The first quarter of 2022 was bumpy for fintech deals, but especially for insurtech which saw the biggest funding loss of any fintech sector – recording a hefty 58 percent drop compared to its fourth-quarter in 2021. At the same time, high growth tech stocks have been hit with big losses and current market conditions (i.e. rising interest rates and inflation) are contributing to a rockier investment environment than we’ve seen in years. But while funding availability will continue to be impacted in the near-term, opportunities remain for start-ups and business leaders willing and able to make the most out of the current pricing landscape.
A Challenging Investment Environment
So far, 2022 is shaping up to be a significantly more difficult environment for insurtech fundraising than either 2020 or 2021. According to CB Insights, the average insurtech deal size in 2022 is $19 million, representing almost half the $33 million average deal size recorded across all four quarters of 2021.
From fear of stagflation, to high interest rates, to the rising cost of goods, to supply chain disruption and product shortages, the inflationary economy will be forcing business leaders to make some tough choices when it comes to their pipeline. For some, downsizing, price increases and other corrective measures will be necessary.
However, the present difficult investment landscape doesn't have to spell gloom and doom for insurtech. Many investors are seeing the correction as long overdue and believe tech valuations coming down out of the stratosphere can help create an environment that’s actually better for raising funds. Companies that have demonstrated the ability to grow organically or which have shown they can generate a profit will be in an especially advantageous position with many investors looking actively to build more sustainable business models.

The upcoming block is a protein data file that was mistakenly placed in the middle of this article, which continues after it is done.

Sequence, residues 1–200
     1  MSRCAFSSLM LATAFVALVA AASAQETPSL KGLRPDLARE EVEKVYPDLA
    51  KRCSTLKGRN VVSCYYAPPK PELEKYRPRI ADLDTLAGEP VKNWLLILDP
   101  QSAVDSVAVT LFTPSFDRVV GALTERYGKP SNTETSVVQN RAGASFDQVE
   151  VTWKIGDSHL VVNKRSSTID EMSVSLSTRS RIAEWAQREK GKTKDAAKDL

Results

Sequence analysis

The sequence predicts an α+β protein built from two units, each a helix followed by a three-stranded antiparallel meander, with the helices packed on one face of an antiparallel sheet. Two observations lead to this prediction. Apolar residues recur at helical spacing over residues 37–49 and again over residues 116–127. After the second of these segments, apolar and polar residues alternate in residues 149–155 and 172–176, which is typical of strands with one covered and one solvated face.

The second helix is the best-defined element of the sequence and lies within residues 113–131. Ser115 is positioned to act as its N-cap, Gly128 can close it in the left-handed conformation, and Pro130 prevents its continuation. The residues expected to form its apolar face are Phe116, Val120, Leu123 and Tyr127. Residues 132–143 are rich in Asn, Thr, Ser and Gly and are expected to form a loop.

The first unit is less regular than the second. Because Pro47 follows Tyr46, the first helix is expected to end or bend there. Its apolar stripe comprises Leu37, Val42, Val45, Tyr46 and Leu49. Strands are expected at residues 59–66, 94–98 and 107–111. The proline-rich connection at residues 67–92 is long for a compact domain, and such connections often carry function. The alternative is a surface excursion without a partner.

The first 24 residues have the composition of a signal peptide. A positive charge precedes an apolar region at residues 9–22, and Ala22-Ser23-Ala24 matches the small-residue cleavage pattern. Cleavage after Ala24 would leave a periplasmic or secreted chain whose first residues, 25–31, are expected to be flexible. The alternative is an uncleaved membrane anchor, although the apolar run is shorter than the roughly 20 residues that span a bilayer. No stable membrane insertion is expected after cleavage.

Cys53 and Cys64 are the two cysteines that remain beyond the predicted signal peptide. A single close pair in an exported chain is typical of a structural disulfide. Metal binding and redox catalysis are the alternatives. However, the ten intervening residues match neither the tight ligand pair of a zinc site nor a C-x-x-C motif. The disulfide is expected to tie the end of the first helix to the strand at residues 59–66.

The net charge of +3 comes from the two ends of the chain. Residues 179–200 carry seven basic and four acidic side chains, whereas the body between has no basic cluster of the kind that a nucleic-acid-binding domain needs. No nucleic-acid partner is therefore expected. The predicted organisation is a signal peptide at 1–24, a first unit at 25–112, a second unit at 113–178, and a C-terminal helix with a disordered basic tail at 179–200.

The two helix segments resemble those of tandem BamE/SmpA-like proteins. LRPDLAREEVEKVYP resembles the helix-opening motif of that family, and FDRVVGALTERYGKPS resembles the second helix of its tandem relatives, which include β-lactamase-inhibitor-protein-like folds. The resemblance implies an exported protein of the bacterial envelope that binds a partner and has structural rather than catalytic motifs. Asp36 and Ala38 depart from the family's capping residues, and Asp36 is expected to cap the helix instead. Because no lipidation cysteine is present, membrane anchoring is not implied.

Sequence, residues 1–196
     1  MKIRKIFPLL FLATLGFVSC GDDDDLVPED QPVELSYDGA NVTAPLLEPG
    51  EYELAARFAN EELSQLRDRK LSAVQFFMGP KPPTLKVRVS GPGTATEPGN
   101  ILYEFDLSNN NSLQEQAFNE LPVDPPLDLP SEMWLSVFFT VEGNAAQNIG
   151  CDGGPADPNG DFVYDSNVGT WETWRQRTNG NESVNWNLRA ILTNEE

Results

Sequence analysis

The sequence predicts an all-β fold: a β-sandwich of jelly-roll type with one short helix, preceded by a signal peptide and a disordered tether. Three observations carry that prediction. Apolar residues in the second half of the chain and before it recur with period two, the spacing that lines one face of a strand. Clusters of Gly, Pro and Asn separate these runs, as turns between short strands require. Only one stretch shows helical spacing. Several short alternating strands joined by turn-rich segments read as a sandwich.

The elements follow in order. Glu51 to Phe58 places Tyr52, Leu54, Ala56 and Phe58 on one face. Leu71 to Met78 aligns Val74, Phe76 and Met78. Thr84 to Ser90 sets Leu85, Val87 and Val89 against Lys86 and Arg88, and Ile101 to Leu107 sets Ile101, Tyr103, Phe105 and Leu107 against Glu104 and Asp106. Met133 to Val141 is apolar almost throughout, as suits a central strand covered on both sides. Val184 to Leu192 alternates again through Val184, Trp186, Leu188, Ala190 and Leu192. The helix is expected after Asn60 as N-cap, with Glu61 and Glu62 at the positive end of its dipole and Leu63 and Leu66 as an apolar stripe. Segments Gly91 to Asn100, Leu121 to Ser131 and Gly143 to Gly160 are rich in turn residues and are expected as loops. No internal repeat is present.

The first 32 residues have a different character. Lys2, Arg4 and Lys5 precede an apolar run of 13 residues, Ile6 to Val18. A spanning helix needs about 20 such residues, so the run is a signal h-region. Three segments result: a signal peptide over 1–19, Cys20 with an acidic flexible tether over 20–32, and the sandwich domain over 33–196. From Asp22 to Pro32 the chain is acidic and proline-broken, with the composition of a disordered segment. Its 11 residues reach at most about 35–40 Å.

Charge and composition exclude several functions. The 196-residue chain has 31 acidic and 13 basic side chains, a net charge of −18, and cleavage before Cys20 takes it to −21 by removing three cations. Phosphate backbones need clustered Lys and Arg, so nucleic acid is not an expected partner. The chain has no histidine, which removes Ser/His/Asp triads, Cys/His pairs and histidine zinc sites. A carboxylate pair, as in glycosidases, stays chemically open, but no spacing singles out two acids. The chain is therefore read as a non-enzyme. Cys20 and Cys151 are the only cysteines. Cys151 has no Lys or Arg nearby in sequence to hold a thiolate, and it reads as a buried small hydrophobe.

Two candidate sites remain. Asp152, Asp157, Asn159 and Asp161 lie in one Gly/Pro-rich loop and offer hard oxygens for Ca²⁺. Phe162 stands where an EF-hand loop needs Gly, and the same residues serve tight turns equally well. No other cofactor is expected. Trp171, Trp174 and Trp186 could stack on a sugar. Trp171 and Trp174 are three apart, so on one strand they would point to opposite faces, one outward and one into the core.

Adapting During Hard Times
We shouldn’t forget that difficult economies and business downturns, including recessions, have given rise to some of the most innovative companies of our time. Apple, IBM, and Microsoft were all founded during a recession or a down stock market. Google and PayPal emerged in the shadow of the dot-com bust. And most recently, Airbnb, Square, and Stripe were all born in the aftermath of the Global Financial Crisis. Strong leadership, flexibility, and the ability to take decisive action have been a hallmark of many of the world’s most enduring and successful businesses. As we wait for the global economy to eventually stabilize, startups and innovation leaders should be taking their cues from what worked during past periods of high inflation – building a solid strategy to evaluate risk, protecting profitability, and adapting the innovation pipeline to match changing customer behaviors. Doing so will help them weather the storm and emerge as stronger, more resilient businesses.